The PS2 version used the analog stick to control the brush, and so the straight line move was very easy. On the wii, using the wiimote pointing at the screen, it is quite a bit harder. There is a secondary button you can press at this point to ‘lock’ the brush to create straight lines, but even then, this is hard. You may get a line, but at an angle you’d prefer not having. This was incredibly frustrating for the first few sessions of play, but after 30 hours, I can usually manage all the brush techniques, even the slash without the straightness-lock.

One facet I enjoy about the game is that it’s not about killing things (well, you kills lots of demons and such), but about restoring the land. And some of the nicest cutscenes are when you bloom one of the guardian saplings and uncurse an area.

Gotta love that music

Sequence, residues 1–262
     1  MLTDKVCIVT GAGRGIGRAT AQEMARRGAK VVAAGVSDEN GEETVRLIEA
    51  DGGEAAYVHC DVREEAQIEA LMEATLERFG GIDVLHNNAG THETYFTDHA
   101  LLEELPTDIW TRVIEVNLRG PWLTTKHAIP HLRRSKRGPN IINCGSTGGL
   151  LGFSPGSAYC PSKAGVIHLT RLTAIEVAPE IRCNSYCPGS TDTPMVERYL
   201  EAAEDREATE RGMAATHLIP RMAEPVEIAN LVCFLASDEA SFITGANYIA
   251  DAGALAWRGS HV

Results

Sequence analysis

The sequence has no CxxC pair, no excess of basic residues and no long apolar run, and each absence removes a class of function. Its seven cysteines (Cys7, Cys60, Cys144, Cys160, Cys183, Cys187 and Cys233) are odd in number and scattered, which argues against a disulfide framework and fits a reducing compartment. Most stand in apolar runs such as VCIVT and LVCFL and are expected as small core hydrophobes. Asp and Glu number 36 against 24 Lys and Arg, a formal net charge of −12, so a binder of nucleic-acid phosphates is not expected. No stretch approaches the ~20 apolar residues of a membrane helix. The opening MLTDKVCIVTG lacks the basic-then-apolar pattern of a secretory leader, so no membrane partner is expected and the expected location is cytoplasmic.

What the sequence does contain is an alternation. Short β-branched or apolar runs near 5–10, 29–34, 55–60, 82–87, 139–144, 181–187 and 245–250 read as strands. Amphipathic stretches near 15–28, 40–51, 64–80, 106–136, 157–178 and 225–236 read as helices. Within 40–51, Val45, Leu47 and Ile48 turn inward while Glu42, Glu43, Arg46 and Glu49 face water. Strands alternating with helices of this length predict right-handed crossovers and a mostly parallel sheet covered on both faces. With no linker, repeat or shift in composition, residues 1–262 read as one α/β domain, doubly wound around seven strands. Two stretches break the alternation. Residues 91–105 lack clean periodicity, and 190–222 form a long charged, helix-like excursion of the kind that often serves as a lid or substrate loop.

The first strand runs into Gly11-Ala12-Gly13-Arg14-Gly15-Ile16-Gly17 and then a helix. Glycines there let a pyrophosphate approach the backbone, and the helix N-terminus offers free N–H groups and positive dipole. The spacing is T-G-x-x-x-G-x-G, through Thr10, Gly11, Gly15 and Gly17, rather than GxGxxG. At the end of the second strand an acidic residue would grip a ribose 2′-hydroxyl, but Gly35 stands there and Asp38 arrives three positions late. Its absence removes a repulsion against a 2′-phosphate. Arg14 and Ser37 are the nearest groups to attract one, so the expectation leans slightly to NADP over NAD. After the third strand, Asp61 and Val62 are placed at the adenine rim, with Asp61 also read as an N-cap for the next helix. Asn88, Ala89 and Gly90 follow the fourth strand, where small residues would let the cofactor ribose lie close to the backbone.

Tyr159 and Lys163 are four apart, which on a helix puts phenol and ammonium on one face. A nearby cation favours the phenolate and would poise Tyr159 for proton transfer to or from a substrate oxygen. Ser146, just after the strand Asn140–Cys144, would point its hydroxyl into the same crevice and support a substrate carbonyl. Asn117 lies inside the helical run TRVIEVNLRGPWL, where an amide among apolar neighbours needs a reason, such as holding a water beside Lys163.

Another interesting aspect of the enemy battles is that they aren’t forced on you most of the time. Boss battles are, and some introductory battles, but the rest of the time, the enemy ‘encounters’ wander the areas as evil scrolls. When you run into them (or get close enough that they chase and touch you) you get trapped in an evil fenced off area and battle them. The introduction cutscenes are pretty neat, one of my favorites is for the yellow drum imp.

Evil musicians abound

Xenophones need not apply. The game is filled with Japanese myth references, and untranslated text. Like the ‘praise’ bubbles that power you up are inscribed with the word for ‘Happiness’ or so the manual would tell me. The brush gods you encounter give have spheres with their names on them as well. The evil-fencing that encloses enemy arenas seems to be made entirely of japanese characters, probably unfriendly ones at that. When you slash at an enemy that is blocking such attacks, the japanese for Useless appears. Now that one, I wish I had known earlier. The sound effect seems to give the correct indication, but even then, if the text “Useless” had appears, I might have caught on sooner.

A trailer to show general gameplay, PS2 but it looks the same on Wii basically